Trusts Series: What Does the Settlor Do?

There are many reasons to establish a trust, and equally as many roles in setting it up properly. The settlor of a trust is effectively the organiser of the trust. They will settle all details and assign all other roles. Their job is very broad but very important as they need to keep your interests in mind. In this article, we’ll explain the role that the settlor plays in setting up a trust and its terms.

What is a trust?

A trust is fundamentally a legal relationship where one person or company holds property on behalf of another. This is overseen by an individual or group of individuals, known as trustees. Anyone who ultimately receives the property is known as a beneficiary.

Who is the settlor of a trust?

The settlor of a trust can be anyone, whether they’re appointed on a personal or professional basis. The professional settlor can be a trust lawyer or accountant. These people are usually highly adept and can advise on complex issues.

On the other hand, a friend or family member can be a settlor. Some people may prefer this option because they are personally invested in your interests.

However, if a legal complication arises, they usually are not equipped with the knowledge and experience to solve it. Chances are, they will then need to consult a lawyer anyway.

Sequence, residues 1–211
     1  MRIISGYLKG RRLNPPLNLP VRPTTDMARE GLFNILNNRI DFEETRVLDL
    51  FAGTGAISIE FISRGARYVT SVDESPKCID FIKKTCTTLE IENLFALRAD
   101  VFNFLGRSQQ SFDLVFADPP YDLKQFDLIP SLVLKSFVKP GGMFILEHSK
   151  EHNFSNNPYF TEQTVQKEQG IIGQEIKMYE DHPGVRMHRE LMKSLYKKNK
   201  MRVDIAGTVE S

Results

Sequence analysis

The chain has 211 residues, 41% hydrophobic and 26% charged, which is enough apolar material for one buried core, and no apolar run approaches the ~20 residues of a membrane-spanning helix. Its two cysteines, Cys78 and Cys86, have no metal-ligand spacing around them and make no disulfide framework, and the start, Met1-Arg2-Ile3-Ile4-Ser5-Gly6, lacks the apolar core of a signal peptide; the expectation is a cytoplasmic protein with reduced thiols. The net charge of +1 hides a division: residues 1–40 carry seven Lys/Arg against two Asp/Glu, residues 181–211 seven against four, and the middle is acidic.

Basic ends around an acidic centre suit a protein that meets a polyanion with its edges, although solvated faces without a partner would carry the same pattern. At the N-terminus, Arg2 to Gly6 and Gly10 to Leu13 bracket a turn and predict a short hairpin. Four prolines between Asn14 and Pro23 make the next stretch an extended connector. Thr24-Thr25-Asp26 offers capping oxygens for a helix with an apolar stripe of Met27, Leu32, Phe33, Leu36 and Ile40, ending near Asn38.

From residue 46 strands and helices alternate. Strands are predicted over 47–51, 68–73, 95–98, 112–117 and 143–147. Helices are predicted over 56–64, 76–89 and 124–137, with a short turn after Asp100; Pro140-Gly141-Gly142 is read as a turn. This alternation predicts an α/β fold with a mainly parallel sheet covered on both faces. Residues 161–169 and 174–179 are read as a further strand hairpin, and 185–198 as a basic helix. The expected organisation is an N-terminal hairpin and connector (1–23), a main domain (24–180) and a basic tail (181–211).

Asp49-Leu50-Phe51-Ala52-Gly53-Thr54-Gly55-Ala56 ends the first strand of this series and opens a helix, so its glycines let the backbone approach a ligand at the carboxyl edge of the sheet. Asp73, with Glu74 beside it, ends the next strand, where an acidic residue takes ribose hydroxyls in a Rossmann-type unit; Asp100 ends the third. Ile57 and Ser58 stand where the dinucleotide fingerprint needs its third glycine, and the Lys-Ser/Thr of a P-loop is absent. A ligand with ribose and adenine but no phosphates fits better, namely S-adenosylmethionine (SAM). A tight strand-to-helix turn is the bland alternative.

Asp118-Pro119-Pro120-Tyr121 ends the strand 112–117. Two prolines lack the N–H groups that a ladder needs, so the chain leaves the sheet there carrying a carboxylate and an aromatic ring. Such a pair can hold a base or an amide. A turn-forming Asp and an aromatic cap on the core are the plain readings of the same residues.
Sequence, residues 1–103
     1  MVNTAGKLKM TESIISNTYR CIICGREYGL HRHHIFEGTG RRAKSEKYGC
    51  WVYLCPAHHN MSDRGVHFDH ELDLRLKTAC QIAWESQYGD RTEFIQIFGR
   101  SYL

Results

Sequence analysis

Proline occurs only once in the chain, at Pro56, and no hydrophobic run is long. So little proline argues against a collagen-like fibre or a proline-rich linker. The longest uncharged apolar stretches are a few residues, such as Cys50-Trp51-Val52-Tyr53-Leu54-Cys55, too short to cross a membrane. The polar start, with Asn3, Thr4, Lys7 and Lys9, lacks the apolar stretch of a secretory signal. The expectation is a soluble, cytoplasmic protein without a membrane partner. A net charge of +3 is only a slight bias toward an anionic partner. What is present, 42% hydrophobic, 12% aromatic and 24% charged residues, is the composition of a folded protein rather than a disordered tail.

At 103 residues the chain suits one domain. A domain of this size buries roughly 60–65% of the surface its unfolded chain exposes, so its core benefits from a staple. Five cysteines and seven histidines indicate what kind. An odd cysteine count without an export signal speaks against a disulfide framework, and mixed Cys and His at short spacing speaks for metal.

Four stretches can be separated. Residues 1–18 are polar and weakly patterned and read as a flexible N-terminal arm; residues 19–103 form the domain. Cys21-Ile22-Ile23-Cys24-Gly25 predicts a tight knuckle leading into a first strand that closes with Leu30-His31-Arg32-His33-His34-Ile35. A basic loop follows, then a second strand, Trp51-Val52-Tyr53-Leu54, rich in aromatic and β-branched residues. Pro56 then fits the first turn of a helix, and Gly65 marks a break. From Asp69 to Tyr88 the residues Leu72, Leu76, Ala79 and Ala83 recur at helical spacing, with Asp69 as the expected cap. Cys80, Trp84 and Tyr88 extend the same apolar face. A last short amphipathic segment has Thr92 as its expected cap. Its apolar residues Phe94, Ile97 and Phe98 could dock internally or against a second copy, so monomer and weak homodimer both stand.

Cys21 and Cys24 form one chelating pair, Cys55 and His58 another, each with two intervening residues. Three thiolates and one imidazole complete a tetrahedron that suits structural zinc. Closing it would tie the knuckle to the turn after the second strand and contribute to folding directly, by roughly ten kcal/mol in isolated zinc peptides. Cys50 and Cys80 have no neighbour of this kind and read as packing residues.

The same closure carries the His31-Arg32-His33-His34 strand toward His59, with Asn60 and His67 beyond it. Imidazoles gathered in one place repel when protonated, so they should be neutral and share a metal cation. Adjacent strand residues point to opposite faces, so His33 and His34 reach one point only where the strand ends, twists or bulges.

This is why hiring a trust lawyer from the start is usually advisable. It may cost more in the short term, but in the long run it may help prevent foreseeable issues arising as well.

What is the role of the settlor?

The settlor basically sets up the trust for you. They then legally transfer the responsibility of managing the assets to a trustee. While they are treated as 2 different roles, one person can actually fulfil both.

So you could have your trust lawyer be the settlor and then manage your trust as the trustee after. This is ideal because the management of the trust needs to be legitimate and in keeping with the law at all times.

There are two rules which apply to appointing the settlor. Firstly, if you want the settlor to also be the trustee; they can’t be the only trustee. Further, the settlor cannot be the beneficiary. These requirements ensure fairness and that your interests are always protected.


The role of the settlor can be as detailed or as limited as you require. If you want them to solely establish the trust, they can do just that. In the event that you intend for them to establish the trust and also help manage it legally, that can be arranged as well. If you have further questions about setting up a trust, it may be worth contacting a lawyer.

Don’t know where to start? Contact us on 1800 529 728 to learn more about customising legal documents and obtaining a fixed-fee quote from Australia’s largest lawyer marketplace.

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